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|Faith & Religion: Breaking ground on LGBT faith|
|by Laura Douglas-Brown|
|February 17, 2012 00:00|
Atlanta’s oldest LGBT church
It began as a gathering of about 50 people on Jan. 16, 1972. It’s now Atlanta’s oldest LGBT congregation, celebrating its 40th anniversary this year.
The church began as MCC of the Blessed Redeemer, not even four years after Rev. Troy Perry founded the Metropolitan Community Church denomination in his living room in Los Angeles.
“Rev. Perry scheduled that first service in response to a young gay man’s desperate cry ‘No one loves me, not even God,’” the church notes on its website.
Atlanta’s MCC church grew steadily and dedicated its first permanent home, located on Highland Avenue, in 1974. Ten years later, it celebrated paying off the mortgage.
But 1984 proved to be frightening for the LGBT congregation, which was a beacon to LGBT Christians but could not escape the homophobia still rampant in the world around it.
“In one year, the church was burdened with a series of five break-ins. In the most serious incident, the sanctuary was set on fire,” its website recalls. “Given the climate of the times, many members and friends were frightened away. Yet, the church survived all of these challenges and continued its ministry.”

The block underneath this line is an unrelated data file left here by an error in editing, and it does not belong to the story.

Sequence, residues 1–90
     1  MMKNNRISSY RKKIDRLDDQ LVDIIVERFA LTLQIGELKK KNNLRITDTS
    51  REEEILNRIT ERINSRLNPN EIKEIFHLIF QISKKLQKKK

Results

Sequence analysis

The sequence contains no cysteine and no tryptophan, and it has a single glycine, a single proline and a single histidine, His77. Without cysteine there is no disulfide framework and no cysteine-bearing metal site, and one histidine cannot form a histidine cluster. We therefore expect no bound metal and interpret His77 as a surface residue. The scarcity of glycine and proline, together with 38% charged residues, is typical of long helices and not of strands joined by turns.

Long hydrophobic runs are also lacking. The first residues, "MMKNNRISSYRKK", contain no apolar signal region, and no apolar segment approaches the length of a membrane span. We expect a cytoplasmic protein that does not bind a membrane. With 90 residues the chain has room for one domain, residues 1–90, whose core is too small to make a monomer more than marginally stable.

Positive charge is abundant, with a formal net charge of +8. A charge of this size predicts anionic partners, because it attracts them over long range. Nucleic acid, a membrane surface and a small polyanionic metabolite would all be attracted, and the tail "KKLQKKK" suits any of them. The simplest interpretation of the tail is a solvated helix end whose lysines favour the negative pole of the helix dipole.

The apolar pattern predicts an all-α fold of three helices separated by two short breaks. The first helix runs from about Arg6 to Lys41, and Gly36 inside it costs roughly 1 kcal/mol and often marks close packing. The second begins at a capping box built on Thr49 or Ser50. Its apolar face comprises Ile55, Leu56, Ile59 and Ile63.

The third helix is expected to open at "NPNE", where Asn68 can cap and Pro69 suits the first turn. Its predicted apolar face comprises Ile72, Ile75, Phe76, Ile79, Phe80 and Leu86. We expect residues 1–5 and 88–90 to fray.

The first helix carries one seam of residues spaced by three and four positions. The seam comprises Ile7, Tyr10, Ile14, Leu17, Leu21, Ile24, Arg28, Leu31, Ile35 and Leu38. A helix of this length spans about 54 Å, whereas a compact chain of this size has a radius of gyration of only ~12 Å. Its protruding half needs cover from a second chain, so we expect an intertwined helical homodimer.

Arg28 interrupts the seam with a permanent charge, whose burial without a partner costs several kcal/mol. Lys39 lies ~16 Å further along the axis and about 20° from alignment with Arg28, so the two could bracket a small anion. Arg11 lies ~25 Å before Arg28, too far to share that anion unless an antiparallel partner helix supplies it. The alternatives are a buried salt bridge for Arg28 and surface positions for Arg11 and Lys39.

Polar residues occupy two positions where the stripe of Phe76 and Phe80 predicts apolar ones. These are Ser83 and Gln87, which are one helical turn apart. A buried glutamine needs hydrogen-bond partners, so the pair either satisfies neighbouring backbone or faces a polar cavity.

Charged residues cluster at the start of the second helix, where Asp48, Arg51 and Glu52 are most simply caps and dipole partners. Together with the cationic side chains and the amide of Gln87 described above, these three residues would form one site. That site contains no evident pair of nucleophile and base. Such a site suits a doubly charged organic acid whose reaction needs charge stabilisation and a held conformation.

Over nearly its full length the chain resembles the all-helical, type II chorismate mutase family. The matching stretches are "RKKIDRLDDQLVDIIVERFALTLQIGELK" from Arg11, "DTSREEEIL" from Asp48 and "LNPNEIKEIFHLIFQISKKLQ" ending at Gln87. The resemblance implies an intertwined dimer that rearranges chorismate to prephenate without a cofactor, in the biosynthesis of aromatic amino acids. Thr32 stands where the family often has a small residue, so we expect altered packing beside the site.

The church soon changed its name to First MCC — as it is still known today. In 1994, First MCC purchased its present home, on Tullie Road at North Druid Hills.
The vibrant congregation shares its resources with other LGBT groups, including offering a “church extension” congregation called The Journey in Conyers, Ga., offering meeting space to other organizations in its building, and hosting the annual Black Gay Pride Candlelight Vigil.
“So many people in the gay, lesbian, bisexual, transgender community have had Scripture used against them as a spiritual weapon,” First MCC’s website notes, before concluding, “Contrary to popular teaching, being a Christian and being gay are not in conflict.”
First MCC (firstmcc.com) is located at 379 Tullie Road, Atlanta, GA 30329.
Founded by and for LGBT Jews
When Congregation Bet Haverim was founded 25 years ago, the idea of a gay Jewish synagogue was so extraordinary that the membership directory didn’t include most people’s last names to preserve anonymity.